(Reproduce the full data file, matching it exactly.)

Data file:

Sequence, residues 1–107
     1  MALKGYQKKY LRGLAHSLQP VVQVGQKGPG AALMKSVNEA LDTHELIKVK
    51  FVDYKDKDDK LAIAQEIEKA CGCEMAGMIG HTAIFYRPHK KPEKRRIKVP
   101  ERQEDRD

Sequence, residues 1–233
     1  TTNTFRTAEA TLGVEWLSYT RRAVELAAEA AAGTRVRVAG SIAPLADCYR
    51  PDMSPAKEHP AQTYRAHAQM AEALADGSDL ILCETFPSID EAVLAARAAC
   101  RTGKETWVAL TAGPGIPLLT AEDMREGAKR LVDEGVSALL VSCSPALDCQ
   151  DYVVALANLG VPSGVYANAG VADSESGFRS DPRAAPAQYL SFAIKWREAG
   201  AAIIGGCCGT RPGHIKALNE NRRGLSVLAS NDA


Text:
Sequence, residues 1–107
     1  MALKGYQKKY LRGLAHSLQP VVQVGQKGPG AALMKSVNEA LDTHELIKVK
    51  FVDYKDKDDK LAIAQEIEKA CGCEMAGMIG HTAIFYRPHK KPEKRRIKVP
   101  ERQEDRD

Sequence, residues 1–233
     1  TTNTFRTAEA TLGVEWLSYT RRAVELAAEA AAGTRVRVAG SIAPLADCYR
    51  PDMSPAKEHP AQTYRAHAQM AEALADGSDL ILCETFPSID EAVLAARAAC
   101  RTGKETWVAL TAGPGIPLLT AEDMREGAKR LVDEGVSALL VSCSPALDCQ
   151  DYVVALANLG VPSGVYANAG VADSESGFRS DPRAAPAQYL SFAIKWREAG
   201  AAIIGGCCGT RPGHIKALNE NRRGLSVLAS NDA